Obviously, domestic adoptions are close to our hearts at American Adoptions. However, Missouri families have another option to grow, and that’s by pursuing international adoptions. While we work only with pregnant women inside the United States, we still believe in providing good information if you’re considering adopting a child from another country.
Choose a country to adopt from. This may depend on several conditions: your preferences in a child, the specific country’s requirements for adopting, the cost and the culture of the country.
Choose an agency to help you complete your adoption. Different professionals work in different countries, so you’ll need to know where you want to adopt from before beginning your search for a reputable agency.
Complete your home study, which will be similar to the one you would complete for a domestic adoption. The country you choose to adopt from may ask for additional information, however, so communicate with your adoption professional about what exactly to expect.
Apply for adoption eligibility. This process will depend on whether or not the country you choose to adopt from is part of the Hague Convention, which was put in place to ensure safety practices in international adoptions. If you are adopting from a Hague Convention country, you’ll fill out form I-800A for the U.S. Citizenship and Immigration Services (USCIS). If the country you adopt from isn’t a Hague Convention Country, you’ll file Form I-600A with USCIS.
When you’re determined eligible for international adoption by the United States, it will then be time to wait for a match. Depending on where you’re adopting from, you may receive a referral before you travel, or you may be matched with a child after you arrive in the country. If you receive a referral, it will include information about the child, a picture and an explanation of why the child has been matched with you. When you accept the referral, you will then travel to the country to meet your child.
Once you’ve been matched with a child, you’ll have another application to fill out with USCIS. Depending on which form you originally filled out for your own eligibility to adopt, you’ll either file Form I-800 or Form I-600 for your child’s eligibility to immigrate to Missouri. If everything goes well with the first form, you’ll then fill out the DS-260 form to apply for your child’s visa.
Now it’s time to travel to meet your child! Expect to stay from one to four weeks as you complete the legalities as well as your visa application. You will be interviewed by the country’s adoption authorities before receiving one of four possible immigrant visas for your child. Exactly which one your child receives will depend on how the adoption was completed and whether or not you adopted from a Hague Convention Country.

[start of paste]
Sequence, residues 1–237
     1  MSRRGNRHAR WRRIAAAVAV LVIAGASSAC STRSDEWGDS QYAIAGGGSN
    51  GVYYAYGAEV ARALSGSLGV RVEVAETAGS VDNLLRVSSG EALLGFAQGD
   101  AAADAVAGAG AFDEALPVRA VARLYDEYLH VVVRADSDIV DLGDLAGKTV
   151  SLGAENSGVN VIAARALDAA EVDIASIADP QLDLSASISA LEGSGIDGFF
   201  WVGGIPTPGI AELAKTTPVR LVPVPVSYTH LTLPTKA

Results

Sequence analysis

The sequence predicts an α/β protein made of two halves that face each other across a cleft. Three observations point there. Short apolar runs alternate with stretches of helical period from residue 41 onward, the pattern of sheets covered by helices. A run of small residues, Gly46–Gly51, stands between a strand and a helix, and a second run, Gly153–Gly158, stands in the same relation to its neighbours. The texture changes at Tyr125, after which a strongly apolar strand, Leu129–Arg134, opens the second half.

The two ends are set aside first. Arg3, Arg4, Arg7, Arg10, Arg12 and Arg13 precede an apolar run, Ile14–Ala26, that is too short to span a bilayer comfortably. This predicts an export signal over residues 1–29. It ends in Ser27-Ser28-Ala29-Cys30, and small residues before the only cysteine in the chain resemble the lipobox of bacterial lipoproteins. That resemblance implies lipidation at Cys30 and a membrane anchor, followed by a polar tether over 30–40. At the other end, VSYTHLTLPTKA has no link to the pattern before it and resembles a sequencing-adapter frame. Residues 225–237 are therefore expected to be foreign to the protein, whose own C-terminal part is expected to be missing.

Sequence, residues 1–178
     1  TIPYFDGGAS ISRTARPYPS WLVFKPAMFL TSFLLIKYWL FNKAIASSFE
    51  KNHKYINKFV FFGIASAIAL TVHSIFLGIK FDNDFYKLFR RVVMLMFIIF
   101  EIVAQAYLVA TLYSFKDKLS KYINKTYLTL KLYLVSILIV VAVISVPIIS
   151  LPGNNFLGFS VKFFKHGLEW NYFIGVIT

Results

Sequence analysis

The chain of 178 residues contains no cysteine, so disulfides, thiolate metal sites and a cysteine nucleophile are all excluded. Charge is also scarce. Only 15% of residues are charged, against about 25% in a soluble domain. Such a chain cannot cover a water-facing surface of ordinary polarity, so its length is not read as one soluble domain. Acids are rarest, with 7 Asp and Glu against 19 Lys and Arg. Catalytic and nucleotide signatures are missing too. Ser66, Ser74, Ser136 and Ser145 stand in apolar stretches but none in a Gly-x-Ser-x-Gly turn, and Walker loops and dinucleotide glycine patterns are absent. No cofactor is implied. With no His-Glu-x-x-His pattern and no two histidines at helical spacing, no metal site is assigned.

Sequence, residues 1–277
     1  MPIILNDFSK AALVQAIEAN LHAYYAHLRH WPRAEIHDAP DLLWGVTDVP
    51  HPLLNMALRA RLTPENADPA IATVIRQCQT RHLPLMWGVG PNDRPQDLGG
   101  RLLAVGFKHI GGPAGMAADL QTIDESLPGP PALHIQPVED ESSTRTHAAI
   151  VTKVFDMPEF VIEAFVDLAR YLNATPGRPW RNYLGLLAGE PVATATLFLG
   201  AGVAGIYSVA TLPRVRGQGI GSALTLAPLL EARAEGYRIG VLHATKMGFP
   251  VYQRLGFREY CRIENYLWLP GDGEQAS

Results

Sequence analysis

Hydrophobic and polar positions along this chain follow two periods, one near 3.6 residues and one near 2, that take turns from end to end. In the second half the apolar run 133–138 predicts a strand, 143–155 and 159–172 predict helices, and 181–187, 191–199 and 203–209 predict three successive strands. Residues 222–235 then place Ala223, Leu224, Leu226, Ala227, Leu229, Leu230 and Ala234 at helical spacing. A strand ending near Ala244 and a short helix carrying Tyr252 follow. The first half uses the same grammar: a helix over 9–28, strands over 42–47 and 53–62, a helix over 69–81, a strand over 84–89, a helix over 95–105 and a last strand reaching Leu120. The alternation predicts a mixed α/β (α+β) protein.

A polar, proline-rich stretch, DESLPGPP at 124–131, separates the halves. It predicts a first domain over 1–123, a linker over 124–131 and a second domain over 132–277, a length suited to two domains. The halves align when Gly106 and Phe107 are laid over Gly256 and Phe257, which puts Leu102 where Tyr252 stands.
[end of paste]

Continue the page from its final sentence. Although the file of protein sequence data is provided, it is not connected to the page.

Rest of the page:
Before returning home from the country in which you adopted your child, you’ll need to make sure you have certain documents lined up for him or her:
Any documentation required specifically by the country you adopted from
A Social Security card
A birth certificate
When pursuing intercountry adoption, sometimes parents forget that the process isn’t necessarily finalized as soon as you bring your child home to Missouri with you. What happens after you return to Missouri will depend on the type of immigration visa your child was given. This could be one of two varieties:
The IH-3 or IR-3, which signifies that the adoption was completed in the foreign country and that both parents were there. If you adopted from a Hague country, you’ll receive the IH-3. If not, you’ll get the IR-3.
The IH-4 or IR-4, which signifies that the adoption was not completed in the country your child is from or that only one parent was present to meet the child.
If you received an IH-4 or IR-4 for your child, your foreign adoption was not completed. You must still finalize it in Missouri. If you received an IH-3 or IR-3, this means the adoption process was officially completed, but it’s still recommended that you re-adopt your child to make sure his or her international adoption is legally recognized in Missouri. This way, you can be sure that your child will be a legally recognized United States citizen and avoid any potential legal difficulties in the future.
As stated above, the international adoption agency you work with will depend on which country you want to adopt from. Once you’ve settled on a location, though, here are a few agencies that can help you adopt internationally from Missouri:
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